9.1. A Mixed Hardware and Software Approach
For embedded system designers considering a mixed software/hardware implementation (whether that implementation is intended for testing of a hardware module or as part of a larger system), an important step is to evaluate the relative merits of various hardware and software targets for specific elements of the overall system. Often this evaluation is done based on the designer's past experience, by using "back of the envelope" calculations regarding raw instruction cycle counts for key calculations, or through an analysis of data throughput requirements. One specific step in such an evaluation may be to implement the same algorithm (which typically represents one component or software process within a larger hardware/software application) in both an embedded processor and in FPGA hardware to analyze the relative merits of a software versus hardware solution. In doing so, the designer must evaluate not only the resulting performance of the core algorithm but the relative overhead of setting up and managing the necessary software/hardware interfaces.
A critical factor in such an evaluation is the ability to compile algorithms to both a traditional microprocessor and to hardware, creating a test environment that allows both software and hardware versions to be tested and measured using identical inputs. As you've seen, the use of C-to-hardware compilation can assist in the process and allows a high degree of creativity on the part of the designer. This is because the software developer is free to quickly evaluate radically different ways of partitioning, describing, and implementing a mixed hardware/software application, without the need to write low-level hardware descriptions for those portions destined for hardware, or to make tedious hand calculations to determine relative performance numbers.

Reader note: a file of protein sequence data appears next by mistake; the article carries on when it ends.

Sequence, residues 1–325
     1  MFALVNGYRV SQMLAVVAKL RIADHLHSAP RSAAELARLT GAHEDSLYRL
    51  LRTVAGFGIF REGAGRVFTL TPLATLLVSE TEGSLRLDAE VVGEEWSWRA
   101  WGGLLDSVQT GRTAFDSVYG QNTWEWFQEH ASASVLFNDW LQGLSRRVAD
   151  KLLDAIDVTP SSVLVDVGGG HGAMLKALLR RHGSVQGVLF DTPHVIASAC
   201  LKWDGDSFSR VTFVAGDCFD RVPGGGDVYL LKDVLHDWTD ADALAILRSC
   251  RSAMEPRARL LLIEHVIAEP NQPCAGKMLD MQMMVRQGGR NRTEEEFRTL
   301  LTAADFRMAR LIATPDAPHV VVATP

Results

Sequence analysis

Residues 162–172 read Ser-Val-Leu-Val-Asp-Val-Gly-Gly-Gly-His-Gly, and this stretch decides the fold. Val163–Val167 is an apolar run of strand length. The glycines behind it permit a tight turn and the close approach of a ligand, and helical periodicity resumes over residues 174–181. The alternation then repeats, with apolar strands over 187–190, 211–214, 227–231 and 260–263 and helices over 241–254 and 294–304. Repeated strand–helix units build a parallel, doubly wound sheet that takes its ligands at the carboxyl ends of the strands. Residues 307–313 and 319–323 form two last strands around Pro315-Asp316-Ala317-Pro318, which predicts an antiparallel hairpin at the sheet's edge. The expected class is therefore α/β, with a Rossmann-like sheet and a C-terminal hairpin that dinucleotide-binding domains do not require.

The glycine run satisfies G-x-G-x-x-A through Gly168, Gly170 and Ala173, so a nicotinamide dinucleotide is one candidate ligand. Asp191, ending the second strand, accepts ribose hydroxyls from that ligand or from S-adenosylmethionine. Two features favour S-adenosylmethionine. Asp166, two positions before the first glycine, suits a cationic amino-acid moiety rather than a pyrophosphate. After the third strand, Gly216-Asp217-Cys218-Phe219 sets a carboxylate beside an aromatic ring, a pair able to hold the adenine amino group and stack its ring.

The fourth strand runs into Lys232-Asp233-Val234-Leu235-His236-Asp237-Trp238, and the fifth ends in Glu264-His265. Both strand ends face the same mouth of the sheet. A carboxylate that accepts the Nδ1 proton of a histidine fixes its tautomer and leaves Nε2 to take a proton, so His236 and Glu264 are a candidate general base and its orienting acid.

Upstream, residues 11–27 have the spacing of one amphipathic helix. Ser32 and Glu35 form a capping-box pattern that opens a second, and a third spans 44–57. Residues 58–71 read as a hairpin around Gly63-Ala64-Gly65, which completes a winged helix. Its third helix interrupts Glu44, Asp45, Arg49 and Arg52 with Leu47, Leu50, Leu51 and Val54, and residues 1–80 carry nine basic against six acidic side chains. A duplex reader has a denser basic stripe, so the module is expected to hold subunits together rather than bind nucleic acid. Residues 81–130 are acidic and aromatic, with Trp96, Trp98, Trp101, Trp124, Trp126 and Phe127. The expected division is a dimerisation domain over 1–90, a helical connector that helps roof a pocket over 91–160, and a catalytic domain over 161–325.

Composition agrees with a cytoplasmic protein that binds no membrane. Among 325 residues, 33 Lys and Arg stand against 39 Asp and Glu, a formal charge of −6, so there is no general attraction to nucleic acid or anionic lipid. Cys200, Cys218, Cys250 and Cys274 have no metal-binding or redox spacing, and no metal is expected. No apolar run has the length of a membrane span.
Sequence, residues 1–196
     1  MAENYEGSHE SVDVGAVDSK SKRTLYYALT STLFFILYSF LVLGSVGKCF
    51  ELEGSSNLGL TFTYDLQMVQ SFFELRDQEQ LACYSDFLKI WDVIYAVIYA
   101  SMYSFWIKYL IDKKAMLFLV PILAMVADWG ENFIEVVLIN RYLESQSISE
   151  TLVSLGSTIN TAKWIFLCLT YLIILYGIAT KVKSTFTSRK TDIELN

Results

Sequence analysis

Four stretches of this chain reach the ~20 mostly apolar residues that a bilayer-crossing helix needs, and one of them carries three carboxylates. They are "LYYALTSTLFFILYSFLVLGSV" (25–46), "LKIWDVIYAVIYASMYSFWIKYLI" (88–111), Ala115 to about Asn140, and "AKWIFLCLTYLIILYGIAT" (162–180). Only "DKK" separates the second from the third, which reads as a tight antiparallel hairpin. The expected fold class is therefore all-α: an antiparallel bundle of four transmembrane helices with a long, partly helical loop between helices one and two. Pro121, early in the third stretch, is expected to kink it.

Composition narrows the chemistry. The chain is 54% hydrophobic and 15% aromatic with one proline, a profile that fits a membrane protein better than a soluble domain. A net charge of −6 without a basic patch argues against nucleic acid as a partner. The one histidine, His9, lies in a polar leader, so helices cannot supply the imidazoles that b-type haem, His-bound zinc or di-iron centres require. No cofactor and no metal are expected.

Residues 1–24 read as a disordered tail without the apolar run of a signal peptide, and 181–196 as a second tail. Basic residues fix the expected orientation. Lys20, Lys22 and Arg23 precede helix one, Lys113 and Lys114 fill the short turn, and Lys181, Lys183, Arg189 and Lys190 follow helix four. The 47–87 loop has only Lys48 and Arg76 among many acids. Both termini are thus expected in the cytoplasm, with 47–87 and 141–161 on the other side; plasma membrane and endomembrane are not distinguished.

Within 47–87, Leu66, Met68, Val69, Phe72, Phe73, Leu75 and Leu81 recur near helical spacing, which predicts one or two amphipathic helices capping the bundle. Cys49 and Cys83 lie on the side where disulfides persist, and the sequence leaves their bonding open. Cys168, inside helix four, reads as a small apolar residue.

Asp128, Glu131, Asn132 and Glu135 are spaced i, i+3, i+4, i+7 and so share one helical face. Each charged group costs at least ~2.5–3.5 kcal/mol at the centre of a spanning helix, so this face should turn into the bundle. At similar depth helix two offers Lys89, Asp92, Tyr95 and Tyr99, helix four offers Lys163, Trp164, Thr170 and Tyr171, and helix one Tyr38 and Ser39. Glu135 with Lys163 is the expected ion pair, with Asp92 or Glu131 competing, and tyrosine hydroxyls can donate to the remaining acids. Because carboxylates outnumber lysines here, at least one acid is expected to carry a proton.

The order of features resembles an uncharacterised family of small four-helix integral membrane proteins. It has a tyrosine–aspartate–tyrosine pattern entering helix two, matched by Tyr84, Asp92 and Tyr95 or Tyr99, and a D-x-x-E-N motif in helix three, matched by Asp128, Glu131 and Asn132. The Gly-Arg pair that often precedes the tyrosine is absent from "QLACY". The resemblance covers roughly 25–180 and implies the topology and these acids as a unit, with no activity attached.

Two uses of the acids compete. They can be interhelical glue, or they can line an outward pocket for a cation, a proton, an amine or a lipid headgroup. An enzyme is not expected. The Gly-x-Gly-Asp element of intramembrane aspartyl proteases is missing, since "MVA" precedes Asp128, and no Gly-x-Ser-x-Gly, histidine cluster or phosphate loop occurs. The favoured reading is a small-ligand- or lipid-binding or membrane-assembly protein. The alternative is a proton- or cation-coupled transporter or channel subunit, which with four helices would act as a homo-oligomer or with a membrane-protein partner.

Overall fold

Considering Data Transfer Overhead
In algorithms involving streams of data (which represent a large percentage of the required processing in such domains as image processing and communications) there is a critical trade-off to be considered: the amount of computation required versus the data transfer overhead. More specifically, any evaluation of the merits of a hardware-based approach must consider, through direct measurement if possible, the cost of moving data between software components of the system (running on a traditional processor) and the dedicated hardware.
Every application evaluated in such a way will yield different cost/benefit results. The greatest benefits of hardware-based approaches are found in algorithms that are not unduly constrained by I/O, are computationally intensive, and include opportunities for parallelism to be exploited either at a low level (by scheduling statements within loops, for example) or at the level of pipelined or parallel processes. The ability to compile software algorithms directly to the FPGA makes such cost/benefit analysis a more efficient, less risky process.